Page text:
# Solar Powered Widget

One of the tasks I want to use the widget boards for is a Wireless Sensor Network around the house for measuring environmental values. The sensors that I want to live outdoors will need to be self sufficient in terms of power, so I wanted to see if I could charge the batteries via , of course this can be done, but again I want to do it as cheaply and as simply as possible, I also want the widget board to monitor the voltage and report it back.

I already had a 3.6v 0.2w cell that I picked up some time ago from Sure Electronics for about \$10 for 5. The spec for this cell is max voltage (under load) is 3.6v and max current is 60mA, more than enough to trickle charge x2 AA NIMH batteries.

The Batteries should not require much of a top up as the node will be sleeping most of the time, from the power saving discussion @ JEELabs, by adding the solar, I should be able to just leave the node without having to change batteries (replacing failed batteries aside).

To measure the voltage produced by the solar cell I need a voltage divider that would produce 1.1v max @ 3.6v.

Why 1.1v I hear you ask? The reason for the A/D full scale input voltage of 1.1V is that I’ll be using the ATMega168 internal bandgap reference as the AREF source for the onboard A/D and not the default AREF.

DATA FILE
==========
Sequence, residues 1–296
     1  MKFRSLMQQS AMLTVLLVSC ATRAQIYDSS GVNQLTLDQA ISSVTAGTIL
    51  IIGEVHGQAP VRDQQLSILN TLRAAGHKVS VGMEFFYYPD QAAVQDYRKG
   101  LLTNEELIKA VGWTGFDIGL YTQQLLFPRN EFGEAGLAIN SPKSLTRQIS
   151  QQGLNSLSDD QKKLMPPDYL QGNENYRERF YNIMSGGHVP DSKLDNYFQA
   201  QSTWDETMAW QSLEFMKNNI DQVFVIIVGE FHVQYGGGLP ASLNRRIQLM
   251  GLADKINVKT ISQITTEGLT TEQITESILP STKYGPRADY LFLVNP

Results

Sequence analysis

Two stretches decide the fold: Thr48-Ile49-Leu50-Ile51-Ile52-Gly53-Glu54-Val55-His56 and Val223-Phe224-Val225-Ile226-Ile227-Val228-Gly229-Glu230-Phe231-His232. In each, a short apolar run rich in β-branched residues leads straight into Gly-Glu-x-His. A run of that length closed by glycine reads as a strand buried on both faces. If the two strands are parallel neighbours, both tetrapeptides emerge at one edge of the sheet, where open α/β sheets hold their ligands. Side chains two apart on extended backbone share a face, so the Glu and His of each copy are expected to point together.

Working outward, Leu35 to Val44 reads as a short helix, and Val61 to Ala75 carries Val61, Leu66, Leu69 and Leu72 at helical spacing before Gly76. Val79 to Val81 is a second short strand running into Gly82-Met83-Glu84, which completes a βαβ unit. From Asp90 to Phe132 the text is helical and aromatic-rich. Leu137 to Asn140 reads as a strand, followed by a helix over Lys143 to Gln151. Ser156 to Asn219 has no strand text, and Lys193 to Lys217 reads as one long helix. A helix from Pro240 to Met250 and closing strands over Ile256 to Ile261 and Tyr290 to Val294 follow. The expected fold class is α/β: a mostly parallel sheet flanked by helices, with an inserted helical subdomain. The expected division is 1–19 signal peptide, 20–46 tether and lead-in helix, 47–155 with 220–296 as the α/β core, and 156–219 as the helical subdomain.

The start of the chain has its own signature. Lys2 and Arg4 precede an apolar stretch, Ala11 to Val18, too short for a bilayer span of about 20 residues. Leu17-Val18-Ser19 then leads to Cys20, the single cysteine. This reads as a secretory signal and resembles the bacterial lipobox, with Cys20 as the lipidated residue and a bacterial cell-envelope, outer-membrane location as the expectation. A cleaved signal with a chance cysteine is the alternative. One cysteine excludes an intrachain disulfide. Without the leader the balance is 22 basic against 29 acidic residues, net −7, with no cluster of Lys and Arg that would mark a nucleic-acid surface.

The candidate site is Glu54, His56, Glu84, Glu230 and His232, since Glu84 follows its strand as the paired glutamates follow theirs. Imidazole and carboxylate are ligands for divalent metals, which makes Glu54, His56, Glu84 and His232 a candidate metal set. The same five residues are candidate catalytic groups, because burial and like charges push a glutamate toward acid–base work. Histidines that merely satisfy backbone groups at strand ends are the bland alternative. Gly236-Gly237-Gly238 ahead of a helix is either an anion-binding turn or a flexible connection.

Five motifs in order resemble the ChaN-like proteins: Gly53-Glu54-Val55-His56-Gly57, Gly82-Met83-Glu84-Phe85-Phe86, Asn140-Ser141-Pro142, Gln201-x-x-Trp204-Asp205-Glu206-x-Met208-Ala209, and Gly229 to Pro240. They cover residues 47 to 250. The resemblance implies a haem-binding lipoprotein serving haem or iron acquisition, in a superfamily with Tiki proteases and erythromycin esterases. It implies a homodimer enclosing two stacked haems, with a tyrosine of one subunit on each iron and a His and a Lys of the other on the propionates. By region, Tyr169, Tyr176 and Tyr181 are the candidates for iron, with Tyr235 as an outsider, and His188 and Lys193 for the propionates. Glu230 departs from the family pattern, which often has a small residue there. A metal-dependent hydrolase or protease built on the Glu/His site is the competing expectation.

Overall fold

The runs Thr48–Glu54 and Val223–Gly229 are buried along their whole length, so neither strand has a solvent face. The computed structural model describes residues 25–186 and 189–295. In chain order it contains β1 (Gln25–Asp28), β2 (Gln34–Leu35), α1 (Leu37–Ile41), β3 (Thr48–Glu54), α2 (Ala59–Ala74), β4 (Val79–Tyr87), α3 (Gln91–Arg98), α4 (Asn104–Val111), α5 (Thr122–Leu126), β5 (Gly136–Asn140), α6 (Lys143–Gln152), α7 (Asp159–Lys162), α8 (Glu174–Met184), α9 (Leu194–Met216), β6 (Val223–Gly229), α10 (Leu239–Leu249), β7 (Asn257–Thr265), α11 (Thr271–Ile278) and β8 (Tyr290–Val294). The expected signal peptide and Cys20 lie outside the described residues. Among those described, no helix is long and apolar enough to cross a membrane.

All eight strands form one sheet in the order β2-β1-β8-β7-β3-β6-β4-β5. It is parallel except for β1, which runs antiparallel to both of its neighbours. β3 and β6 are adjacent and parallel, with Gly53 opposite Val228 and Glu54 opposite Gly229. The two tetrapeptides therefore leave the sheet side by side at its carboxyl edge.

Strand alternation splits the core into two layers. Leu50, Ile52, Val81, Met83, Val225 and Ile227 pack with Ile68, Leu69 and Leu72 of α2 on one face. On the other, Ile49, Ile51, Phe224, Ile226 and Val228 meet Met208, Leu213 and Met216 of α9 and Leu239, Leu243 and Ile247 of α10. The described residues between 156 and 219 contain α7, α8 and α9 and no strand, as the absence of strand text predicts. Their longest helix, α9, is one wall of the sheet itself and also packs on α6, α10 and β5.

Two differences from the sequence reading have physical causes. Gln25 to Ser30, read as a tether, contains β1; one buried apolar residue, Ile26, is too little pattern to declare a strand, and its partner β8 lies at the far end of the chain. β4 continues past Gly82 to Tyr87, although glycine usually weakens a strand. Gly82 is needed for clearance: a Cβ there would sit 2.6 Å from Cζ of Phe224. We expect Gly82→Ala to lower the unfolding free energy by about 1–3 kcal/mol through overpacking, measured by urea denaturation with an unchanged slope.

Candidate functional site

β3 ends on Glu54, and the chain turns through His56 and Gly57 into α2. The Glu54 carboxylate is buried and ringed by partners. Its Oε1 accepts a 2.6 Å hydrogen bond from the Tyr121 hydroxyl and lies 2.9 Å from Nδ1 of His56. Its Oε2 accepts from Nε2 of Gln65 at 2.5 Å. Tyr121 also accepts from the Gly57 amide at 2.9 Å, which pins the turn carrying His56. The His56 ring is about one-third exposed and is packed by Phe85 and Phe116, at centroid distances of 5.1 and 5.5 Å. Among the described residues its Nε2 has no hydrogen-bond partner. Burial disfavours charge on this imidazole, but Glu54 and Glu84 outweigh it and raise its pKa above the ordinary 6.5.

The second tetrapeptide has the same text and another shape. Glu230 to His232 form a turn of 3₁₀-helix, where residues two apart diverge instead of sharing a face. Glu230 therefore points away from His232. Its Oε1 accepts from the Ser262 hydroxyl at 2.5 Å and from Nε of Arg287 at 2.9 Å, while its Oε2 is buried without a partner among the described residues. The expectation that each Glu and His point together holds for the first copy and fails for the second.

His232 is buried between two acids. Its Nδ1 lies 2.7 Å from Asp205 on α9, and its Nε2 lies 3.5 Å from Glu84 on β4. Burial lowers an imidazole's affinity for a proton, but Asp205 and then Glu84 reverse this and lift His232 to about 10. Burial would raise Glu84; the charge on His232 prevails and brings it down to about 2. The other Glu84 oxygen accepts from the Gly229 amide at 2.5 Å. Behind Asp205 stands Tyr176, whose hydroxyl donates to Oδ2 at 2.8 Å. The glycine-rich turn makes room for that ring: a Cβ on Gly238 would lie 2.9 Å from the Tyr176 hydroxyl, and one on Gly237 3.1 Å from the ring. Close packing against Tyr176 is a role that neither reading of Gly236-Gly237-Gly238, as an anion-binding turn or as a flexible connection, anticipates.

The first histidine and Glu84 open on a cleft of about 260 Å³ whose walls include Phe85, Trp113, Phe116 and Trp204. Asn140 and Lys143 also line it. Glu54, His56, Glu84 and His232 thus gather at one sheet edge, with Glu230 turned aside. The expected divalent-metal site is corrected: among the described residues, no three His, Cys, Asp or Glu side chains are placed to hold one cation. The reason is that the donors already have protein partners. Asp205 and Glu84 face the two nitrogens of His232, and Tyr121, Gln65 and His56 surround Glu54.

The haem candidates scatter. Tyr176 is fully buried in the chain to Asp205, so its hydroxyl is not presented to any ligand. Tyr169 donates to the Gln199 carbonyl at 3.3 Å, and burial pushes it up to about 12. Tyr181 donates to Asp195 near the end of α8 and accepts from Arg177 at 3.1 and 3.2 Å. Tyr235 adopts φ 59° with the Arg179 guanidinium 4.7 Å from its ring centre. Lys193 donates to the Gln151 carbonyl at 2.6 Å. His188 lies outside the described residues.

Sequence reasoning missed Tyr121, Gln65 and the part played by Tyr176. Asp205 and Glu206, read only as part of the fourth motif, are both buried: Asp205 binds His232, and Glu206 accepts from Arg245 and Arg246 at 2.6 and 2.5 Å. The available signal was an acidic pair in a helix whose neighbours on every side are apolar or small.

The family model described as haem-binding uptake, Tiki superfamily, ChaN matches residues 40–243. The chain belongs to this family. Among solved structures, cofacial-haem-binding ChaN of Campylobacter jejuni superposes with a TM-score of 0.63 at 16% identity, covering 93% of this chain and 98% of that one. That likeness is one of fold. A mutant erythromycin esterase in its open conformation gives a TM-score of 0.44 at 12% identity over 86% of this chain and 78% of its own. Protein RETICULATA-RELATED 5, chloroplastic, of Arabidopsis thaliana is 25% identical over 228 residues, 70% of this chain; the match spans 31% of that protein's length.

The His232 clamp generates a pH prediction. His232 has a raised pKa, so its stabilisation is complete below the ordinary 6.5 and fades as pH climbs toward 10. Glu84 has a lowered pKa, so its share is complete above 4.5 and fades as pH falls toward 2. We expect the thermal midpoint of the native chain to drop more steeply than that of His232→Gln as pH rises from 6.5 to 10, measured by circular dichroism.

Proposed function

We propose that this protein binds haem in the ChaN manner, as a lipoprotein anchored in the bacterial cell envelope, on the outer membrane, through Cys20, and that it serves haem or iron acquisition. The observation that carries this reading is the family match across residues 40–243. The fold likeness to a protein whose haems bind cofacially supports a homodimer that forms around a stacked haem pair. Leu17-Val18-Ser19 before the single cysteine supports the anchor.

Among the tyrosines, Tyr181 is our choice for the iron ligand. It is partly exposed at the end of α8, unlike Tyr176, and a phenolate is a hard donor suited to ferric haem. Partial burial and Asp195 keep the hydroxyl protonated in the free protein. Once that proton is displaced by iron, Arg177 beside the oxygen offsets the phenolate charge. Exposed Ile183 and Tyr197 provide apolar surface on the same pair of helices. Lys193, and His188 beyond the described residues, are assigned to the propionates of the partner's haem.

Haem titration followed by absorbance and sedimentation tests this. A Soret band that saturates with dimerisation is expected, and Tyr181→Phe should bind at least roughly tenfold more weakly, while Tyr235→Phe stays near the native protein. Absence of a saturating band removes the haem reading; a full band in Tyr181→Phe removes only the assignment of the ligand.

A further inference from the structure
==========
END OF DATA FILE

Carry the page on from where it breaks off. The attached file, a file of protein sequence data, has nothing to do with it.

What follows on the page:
There are a couple for reasons for this. The internal bandap reference itself is a 1.1v voltage reference, because the battery voltage may change over time (remember I’m not using any onboard voltage regulators) so as the VCC / battery voltage changes, so would my A/D voltage readings unless I use a reference voltage. Now as the reference is 1.1v this means that my input must not go above 1.1v else I will go over scale and get an incorrect reading.

I’m not going to bore you with the math so a quick calculation using an online voltage divider calculator (http://www.daycounter.com/Calculators/Voltage-Divider-Calculator.phtml)

Input Voltage = 3.6v

Output Voltage = 1.0v (remember I don’t want to go over 1.1V so I’ve given myself some headroom)

Gave the values for R1 = 26K and R2 = 10K

Luckily I had both these values, however for the 26K I only had one in 5% tolerance, the 10K I had as 1% (I like to use low tolerance resistors for voltage dividers so my error is minimised),upon testing the 26K resistor actually read 26.4K on my meter, so after plugging these real values in my actual FS Vout is 0.989v, pretty close to 1.0V.

A blocking diode is also required to prevent any damage to the Solar cell by the batteries, see the circuit and photo below.

(Click for larger image) (Click for larger image and notes) Sketch to read the voltage produced by the solar cell, next step is to find a waterproof housing and add some environmental sensors.

Another benefit of taking voltage readings of the solar cell is I now have a light sensor.

`int raw_solar = 0;        // Raw Solar FS ~ 1.0v`

`int raw_bandgap = 0;      // Intenal bandgap reference`

`float volt_solar = 0.0;`

` `

`void setup(){`

`  Serial.begin(57600);`

`  analogReference(INTERNAL);  // select internal reference for AREF`

`}`

` `

` `

`void loop(){`

`  `

`  raw_solar = analogRead(0);                         // read solar voltage raw values`

`  volt_solar = (raw_solar * 1.1 * 3.617) / 1024;     // Scale ADC input.  (voltage divider r1= 26.4k  r2 = 10k  vi=vo/(r2/(r1+r2)) = vo/.2777 =  vo * 3.617`

`  Serial.print(volt_solar);                          // display raw solar voltage reading`

`  Serial.println("v");  `

`  delay(1000);                    `

`  `

`}`

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